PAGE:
A position-by-position list of the can’t-miss prospects who did:
C: Tyler Houston. The second overall pick in the country was selected ahead of Frank Thomas, John Olerud, Mo Vaughn, Chuck Knoblauch, Jeff Bagwell, Tim Salmon and Charles Johnson, among others. He turned out to be just another Eli Marrero.
1B: Not many high-profile busts at this position — Scott Thorman was a first-round pick but never really stood out as a prospect. The Braves oversold him, as I fear they’re doing with Tyler Pastornicky. Runner-ups: A.J. Zapp, Drew Denson, Ken Smith.
2B: Glenn Williams was supposed to be Australia’s first baseball star, signed by the Braves when he was 16 for $1.3 million. It took him 12 years to reach the majors, with the Twins, for whom he hit .425 in 40 AB’s. He’s now managing in the Australian league.
SS: Yes, Andres Thomas didn’t quite pan out but he at least showed some flashes. Pat Rockett, selected 10th overall in the 1973 draft ahead of Fred Lynn and Eddie Murray, showed none. Hapless at the plate and in the field, Rockett batted .214 in 152 games as a Brave with 28 errors.
3B: Andy Marte. I was wary when the Braves dealt him for Edgar Renteria. The slick fielding third sacker had been ranked as the 9th best prospect in the game by Baseball America prior to the trade, showing solid plate discipline (.878 OPS) at Richmond in ’05. Alas, the 28-year-old’s career appears near its end after hitting .202 in Triple-A last season.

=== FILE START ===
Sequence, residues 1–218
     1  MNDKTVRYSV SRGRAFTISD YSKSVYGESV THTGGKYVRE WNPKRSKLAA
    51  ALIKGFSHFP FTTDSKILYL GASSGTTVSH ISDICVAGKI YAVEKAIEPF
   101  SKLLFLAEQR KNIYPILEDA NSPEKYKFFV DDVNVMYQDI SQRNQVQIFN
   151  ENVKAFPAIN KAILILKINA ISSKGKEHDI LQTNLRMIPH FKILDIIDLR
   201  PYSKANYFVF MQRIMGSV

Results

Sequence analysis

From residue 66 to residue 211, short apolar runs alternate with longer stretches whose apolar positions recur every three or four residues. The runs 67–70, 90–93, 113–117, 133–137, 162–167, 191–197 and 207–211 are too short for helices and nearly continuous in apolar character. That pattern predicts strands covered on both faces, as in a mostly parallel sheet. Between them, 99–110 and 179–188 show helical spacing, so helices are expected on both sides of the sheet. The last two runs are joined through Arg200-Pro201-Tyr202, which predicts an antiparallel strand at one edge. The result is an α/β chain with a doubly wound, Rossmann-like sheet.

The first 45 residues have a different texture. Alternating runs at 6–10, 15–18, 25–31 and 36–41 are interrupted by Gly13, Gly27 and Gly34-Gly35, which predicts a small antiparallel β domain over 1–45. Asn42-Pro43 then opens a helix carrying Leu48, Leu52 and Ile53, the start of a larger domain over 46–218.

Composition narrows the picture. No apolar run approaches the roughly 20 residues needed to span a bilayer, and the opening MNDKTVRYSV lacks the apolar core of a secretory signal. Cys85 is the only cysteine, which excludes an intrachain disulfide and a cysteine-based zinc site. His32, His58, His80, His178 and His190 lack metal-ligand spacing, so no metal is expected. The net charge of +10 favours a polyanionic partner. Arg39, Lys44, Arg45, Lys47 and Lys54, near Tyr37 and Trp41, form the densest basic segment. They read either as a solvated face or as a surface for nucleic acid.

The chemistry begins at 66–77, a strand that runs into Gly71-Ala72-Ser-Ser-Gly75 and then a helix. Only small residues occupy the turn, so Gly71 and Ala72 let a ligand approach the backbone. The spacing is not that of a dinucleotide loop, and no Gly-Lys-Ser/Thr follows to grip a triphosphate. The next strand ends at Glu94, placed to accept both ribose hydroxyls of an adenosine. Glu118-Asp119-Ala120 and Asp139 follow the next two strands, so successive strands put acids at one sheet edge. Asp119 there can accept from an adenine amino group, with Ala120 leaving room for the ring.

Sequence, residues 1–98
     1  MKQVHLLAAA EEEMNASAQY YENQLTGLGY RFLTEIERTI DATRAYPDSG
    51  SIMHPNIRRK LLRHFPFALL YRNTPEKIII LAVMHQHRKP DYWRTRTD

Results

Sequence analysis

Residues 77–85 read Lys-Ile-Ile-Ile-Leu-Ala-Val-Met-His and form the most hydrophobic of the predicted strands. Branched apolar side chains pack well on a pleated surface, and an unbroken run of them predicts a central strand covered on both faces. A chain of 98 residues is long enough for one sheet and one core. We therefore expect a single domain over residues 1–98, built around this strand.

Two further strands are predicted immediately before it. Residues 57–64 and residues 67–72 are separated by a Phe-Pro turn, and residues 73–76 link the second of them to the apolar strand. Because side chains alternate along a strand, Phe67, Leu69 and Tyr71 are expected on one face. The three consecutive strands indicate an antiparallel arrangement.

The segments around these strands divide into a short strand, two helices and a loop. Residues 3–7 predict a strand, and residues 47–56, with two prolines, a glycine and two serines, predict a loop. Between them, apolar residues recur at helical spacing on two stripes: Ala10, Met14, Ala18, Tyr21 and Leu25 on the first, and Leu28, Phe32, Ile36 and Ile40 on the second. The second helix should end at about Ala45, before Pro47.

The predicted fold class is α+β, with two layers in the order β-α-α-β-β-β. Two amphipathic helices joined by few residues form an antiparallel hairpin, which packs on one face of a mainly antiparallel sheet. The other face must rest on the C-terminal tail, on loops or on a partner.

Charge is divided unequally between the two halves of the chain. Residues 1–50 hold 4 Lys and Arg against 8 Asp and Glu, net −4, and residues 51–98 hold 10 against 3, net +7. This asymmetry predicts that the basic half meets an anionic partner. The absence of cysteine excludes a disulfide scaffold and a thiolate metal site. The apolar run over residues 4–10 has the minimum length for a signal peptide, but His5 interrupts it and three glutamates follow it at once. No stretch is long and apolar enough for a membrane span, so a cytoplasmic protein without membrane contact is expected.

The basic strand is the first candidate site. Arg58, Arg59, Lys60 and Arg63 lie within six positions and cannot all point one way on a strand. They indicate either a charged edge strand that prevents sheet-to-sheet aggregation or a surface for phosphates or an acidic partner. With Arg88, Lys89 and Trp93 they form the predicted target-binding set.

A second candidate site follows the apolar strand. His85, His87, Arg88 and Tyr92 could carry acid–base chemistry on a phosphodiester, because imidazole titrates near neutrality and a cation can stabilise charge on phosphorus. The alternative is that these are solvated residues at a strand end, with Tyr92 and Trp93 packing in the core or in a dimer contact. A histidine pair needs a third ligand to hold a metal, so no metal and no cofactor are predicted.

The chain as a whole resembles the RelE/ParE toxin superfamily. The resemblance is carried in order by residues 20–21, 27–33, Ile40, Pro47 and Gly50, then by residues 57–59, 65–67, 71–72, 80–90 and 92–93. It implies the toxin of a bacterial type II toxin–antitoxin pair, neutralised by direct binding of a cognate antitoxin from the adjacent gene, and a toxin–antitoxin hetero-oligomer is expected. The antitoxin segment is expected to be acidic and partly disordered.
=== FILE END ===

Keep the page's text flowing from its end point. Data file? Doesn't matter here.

LF: George Lombard. Redneck Bulldog supporters used to harass Lombard for choosing baseball over football but what else would you expect from inbred college football fans? Lombard appeared on the verge of stardom following his Double-A debut in 1998 when he hit .308 with 22 homers, 35 steals and a .410 OPS. But he never could take that next step, striking out at an Adam Dunn pace without the power (and minus the lethargic approach).
CF: Mike Kelly. It’s rare when pennant contenders hold the second overall pick in the draft, as the Braves did in 1991. Kelly was viewed as being close to major league-ready, which explains why the braintrust chose him ahead of Manny Ramirez, Shawn Green, Cliff Floyd and (brace yourself, stat geeks) Scott Hatteberg. The Braves finally admitted defeat in ’96, trading the free-swinging Kelly to Cincy for Chad Fox and the Burger, Ray King. Jordan Schafer ranks a close second.
RF: You say Francoeur, I say Brad Komminsk. Both were busts, but Komminsk has to rank as the biggest disappointment of them all. His lone highlight as a Brave came when he won a radio listener $100,000 with a grand slam during the Goody’s HR Jackpot inning.
We’ll leave the pitching busts to you guys. Nominate away.